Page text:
When thank you E.L James for highlighting the problem, but it’s bigger than, well bigger than that.
There are 50 shades of ‘named’ greys on the Dulux website alone, before you click on the options from Crown, Rylands, Farrow and Ball, Little Greene, Fired Earth, Paint & Paper Library, Designers’ Guild, Paint and Paper Library, Abigail Ahern, Sanderson, Craig &Rose, Zoffany, Albany, Earthborn, Edward Bulmer and so many other brands joining the paint tray, in specialist niches suited to their customers and their profiles.
So I shall try to narrow the choice a little.
In terms of brand, I prefer not to mix within a painting project. If you buy the specialist undercoat from a paint brand you are more likely to achieve a successful finish. They are developed to act in synergy.
So in terms of colour, you need to think about a few elements of each room:
- The use and users of the space
- The look or vibe you are heading for
- The orientation of the room (direction of incoming natural light)
The Use and Users of the Space
There is a certain amount of convention in this, borne out of what people know and are comfortable with. It’s NORMAL to paint nurseries in cheerful pastels, bedrooms in pale relaxing colours, bathrooms in ‘clean’ colours. If painting out a property in swampy 2017 contemporary colours will offend and upset the occupants, its hard (perhaps not impossible) to do it.
The Look or Vibe you are heading for
The Scandi-inspired grey interiors of the modern era tend to be neutral, whereas a midcentury scheme will incorporate specific brights reminiscent of the period. A lot of the paint manufacturers make specific ranges for specific ages of building so you can find a Victorian, or Georgian range to accurately reflect your building’s heritage. If you are looking to create a very clean, contemporary, edgy look go for bluer-toned greys. Laidback and pretty traditional English or French country schemes tend to focus on warm yellow-based shades. Elegant contemporary interiors often feature greeny grey shades that are calm and sit well in the background.
The orientation of the room (direction of incoming natural light)
Very often a room will have two or more aspects. You will have to take a view on which is the more dominant in your space. There is a degree to which schemes are best if they flow too, so consider the colours or background shades of the adjoining rooms. Creating a successful scheme is dependent on choosing the correct base pigment to suit the quality of light that the room receives.
In the UK light coming in from a northern orientation is a harsh cool and blue grey. To warm up these spaces use more saturated colours and you may wish to head to a the warmer yellow or red-based spectrum of greys to create a more comfortable living space. Avoid lilac- and blue-based greys as they will make the space feel clinical.
In the UK east-facing rooms are very bright in the morning and cooler in the afternoon so consider when you are most likely to use the room. The light tends to be a greeny/bluey hue so choose greys with these bases, but with different intensities and saturations of colour. Warmer red-based greys like the contemporary pinks of 2017 and rosy, coppery shades also work well. If the room is quite dark it may be helpful to paint the woodwork out in a darker shade of the colour you use on the walls.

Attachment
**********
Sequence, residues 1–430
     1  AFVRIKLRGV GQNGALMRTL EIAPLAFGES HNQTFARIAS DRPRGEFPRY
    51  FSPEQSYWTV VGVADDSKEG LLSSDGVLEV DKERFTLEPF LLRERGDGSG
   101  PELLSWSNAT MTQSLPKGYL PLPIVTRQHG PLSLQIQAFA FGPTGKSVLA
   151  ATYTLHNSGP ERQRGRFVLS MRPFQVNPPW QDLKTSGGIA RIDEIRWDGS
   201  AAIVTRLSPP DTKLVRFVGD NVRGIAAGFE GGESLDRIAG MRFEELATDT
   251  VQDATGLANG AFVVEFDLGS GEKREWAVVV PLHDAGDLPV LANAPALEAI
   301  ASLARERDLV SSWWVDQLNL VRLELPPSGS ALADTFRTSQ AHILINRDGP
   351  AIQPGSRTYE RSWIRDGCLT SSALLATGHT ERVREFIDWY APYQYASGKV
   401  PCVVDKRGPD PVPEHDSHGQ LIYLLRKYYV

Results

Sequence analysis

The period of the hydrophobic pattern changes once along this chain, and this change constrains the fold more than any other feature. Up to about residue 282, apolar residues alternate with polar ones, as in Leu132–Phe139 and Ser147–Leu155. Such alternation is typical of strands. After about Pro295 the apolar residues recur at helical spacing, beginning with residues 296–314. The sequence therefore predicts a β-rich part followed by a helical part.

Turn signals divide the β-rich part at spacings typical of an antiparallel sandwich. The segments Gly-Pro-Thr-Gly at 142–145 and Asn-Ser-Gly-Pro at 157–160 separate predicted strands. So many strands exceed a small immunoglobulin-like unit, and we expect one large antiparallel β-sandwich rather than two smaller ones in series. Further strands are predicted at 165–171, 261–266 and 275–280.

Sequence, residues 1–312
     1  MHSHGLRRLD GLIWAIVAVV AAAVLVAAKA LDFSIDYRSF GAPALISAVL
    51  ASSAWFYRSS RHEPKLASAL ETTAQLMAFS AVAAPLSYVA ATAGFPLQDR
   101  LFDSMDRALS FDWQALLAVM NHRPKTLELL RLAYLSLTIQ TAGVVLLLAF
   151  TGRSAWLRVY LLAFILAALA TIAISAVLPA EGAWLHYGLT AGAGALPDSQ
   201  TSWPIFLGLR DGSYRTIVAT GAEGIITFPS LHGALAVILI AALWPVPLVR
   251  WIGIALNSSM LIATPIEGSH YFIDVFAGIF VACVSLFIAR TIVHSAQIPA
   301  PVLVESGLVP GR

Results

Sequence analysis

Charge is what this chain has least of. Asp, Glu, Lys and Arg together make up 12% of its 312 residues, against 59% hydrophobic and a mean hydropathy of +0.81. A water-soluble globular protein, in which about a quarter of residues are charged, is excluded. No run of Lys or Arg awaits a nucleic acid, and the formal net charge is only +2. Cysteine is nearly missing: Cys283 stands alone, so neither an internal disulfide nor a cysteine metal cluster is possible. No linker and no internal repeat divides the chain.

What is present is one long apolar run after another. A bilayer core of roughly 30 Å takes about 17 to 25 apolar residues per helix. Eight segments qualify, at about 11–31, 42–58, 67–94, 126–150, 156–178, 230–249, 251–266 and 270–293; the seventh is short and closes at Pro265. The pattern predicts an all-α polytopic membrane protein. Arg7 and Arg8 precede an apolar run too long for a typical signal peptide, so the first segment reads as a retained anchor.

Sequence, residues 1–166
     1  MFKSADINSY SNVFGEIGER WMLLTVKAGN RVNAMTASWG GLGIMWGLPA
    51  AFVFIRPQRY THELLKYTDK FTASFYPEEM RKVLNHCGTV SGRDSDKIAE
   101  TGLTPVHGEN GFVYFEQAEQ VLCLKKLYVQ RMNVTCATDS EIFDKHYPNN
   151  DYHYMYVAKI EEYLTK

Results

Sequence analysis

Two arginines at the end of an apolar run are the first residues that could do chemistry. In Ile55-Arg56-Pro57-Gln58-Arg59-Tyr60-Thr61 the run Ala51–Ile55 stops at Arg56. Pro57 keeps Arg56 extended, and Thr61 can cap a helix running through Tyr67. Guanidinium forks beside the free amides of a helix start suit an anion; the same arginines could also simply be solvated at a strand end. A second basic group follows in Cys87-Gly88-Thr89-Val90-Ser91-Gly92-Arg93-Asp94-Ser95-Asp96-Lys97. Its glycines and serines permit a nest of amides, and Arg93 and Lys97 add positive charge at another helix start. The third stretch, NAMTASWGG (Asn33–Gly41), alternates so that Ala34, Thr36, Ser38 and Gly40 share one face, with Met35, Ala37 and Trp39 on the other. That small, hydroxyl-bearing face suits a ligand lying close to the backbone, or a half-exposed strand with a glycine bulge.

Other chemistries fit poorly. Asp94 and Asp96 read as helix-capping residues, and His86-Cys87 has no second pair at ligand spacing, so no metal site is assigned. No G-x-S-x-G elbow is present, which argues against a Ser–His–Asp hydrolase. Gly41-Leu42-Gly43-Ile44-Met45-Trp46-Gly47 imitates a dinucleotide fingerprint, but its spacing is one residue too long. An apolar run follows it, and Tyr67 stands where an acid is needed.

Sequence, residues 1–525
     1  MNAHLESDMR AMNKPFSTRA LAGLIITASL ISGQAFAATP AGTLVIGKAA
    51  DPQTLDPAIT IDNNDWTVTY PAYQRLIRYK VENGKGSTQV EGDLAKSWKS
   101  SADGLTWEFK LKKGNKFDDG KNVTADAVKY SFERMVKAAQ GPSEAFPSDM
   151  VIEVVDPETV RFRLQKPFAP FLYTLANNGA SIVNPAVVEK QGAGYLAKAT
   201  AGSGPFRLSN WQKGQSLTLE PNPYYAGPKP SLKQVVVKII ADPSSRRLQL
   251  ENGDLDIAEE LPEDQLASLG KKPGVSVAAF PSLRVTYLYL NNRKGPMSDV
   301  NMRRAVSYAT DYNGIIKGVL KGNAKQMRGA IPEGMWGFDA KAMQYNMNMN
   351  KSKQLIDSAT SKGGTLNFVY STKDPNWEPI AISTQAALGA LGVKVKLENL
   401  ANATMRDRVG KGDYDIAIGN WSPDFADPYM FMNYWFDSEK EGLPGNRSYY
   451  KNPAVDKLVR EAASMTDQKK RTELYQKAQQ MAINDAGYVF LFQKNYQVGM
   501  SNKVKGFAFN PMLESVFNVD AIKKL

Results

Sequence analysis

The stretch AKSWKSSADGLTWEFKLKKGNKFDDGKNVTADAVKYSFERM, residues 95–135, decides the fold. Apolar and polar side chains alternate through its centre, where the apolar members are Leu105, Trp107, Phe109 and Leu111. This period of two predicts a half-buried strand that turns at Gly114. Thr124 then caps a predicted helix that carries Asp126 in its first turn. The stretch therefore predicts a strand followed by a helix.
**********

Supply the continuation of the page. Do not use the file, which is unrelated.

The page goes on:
As with east-facing rooms, the light varies hugely during the day, but are conversely cool in the morning and warmer later in the day, which creates a delightful effect as we transition into the evening and artificial light comes into play, further emphasising the warmth and comfort. These are spaces which work well in neutral greys.
Bathed in sunlight all day, these are easy rooms to decorate and make any grey (or in fact any colour) you love sing.
Light or dark?
For me, I tend to use light colours where there is a lot of natural daylight and deeper more intense colours where the light levels are lower. In a very light-challenged space I tend to remove the focus from the light levels to the drama and beauty of the decoration. It’s not going to be about the view of the garden, is it, so it might as well look good on the inside! This is where your favourite rich shade or glorious statement wallpaper comes to the fore, and as this is a tiny, light-limited space, splurge on the best wallpaper and artwork you can afford because you’ll be up close and personal with it and can really enjoy it.
We have a house on the beach in West Sussex and it has huge windows in every room facing the pool and beach. It would be a shame NOT to paint it in clean white colours and a marine or beachy palette; it would seem odd if it were painted in deeper or more colourful shades. Instead we have fabulous colourful artwork which reflects the vibe we work, and hardworking fabrics which cope with soggy swimsuits, barbecues and the odd splash of rosé!
In the country it’s lovely to reflect the colours of the outside so a greeny or stone-based grey palette sits calmly. In the Cotswolds this will be different from Northumberland: think about your context.
And one quick word on pastiche: this probably should be reserved for another post but if you are going down a particular decorating route … beach, country etc., don’t go and buy nicnacs from the supermarket home aisle. Save your pennies and buy a piece of art you love, or a one-off you find in an antique shop or on holiday. They will add so much character to your space and make it yours, rather than another generic seaside / country home.